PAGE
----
As mentioned in an earlier post on this blog, this past winter ATC undertook to replace the siding and doors on the smaller "sheep" barn. This project has meandered along and been mostly quiet this summer, but is 98% complete. Lumber ran short in early summer and I decided that the project could sit until later in the fall when the last 3 doors would be built and installed in time for winter.
The next barn project, which has really been going on for a year and a half now if you count the pre-planning and fundraising stages, was to renovate the roof of the main barn. This was a large project that required a roofing contractor, engineer, building permits, etc. The impetus for this project was that the existing roof (asphalt) was failing and ATC was concerned that the irreplaceable chestnut timber-frame structure would be damaged. I frequently observed shingles blow off of the barn in high winds, particularly in winter. The structure gets full sun and wind exposure and takes a bit more of a beating from the elements being the tallest building on the property. ATC has spent the last two years convening a group of staff, board members, and volunteers each quarter to discuss the future of the property and how to make it sustainable. Out of that conversation we have identified the need to renovate the barn, in multiple phases, to serve as a more "public" space: a spot for events, meetings, and education. The first phase we settled on is to insulate and replace the existing roof so that we would be able to eventually convert the structure to 4-season use. This is a multi-year project that will require a significant capital investment by ATC.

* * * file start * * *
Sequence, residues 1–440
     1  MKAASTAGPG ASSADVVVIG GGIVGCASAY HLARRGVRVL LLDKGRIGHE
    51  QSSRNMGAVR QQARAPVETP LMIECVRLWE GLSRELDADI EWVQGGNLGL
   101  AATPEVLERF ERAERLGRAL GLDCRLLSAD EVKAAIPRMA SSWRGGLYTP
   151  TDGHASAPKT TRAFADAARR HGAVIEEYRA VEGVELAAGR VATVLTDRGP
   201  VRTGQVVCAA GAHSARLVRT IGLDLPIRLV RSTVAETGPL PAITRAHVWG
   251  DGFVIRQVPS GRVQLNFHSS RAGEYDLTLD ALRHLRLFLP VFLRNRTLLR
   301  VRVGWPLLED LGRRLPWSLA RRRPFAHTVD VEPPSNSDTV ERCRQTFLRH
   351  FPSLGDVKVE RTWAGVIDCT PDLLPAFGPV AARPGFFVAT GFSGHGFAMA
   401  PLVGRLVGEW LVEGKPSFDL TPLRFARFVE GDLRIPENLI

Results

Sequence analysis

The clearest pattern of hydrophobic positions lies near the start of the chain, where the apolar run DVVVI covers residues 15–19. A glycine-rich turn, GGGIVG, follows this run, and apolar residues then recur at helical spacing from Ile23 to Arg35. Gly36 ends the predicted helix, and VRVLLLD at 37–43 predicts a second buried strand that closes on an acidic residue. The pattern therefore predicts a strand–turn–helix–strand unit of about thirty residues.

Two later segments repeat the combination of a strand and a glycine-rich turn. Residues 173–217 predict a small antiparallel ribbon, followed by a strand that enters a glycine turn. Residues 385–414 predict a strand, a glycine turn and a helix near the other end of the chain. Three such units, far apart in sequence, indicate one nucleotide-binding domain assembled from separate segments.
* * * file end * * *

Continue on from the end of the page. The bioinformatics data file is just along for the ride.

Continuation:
Interestingly, when Henderson Roofing began stripping shingles off they found that there were 6 layers: 1 layer of cedar shingle, 5 layers of asphalt. That is 28,000 lbs on the roof!! So the structure is undoubtedly breathing easier now. ATC is in the process of applying to Historic New England to hold the Historic Preservation Restriction on all of the buildings here, so we asked them to render an opinion on which material was most suitable for the replacement given the age and history of the structure. The choices were standing-seam metal, cedar, or asphalt shingles. Standing-seam was our first choice for its longevity while asphalt was our last for the same reason. We never really considered cedar until it was discovered to be the original covering. As a result we decided that restoring the roof to its original covering made the most sense. Henderson Roofing replaced the degraded wood gutters with copper and also insulated the roof with 3 inch foam board. The whole job start to finish took about 6 weeks.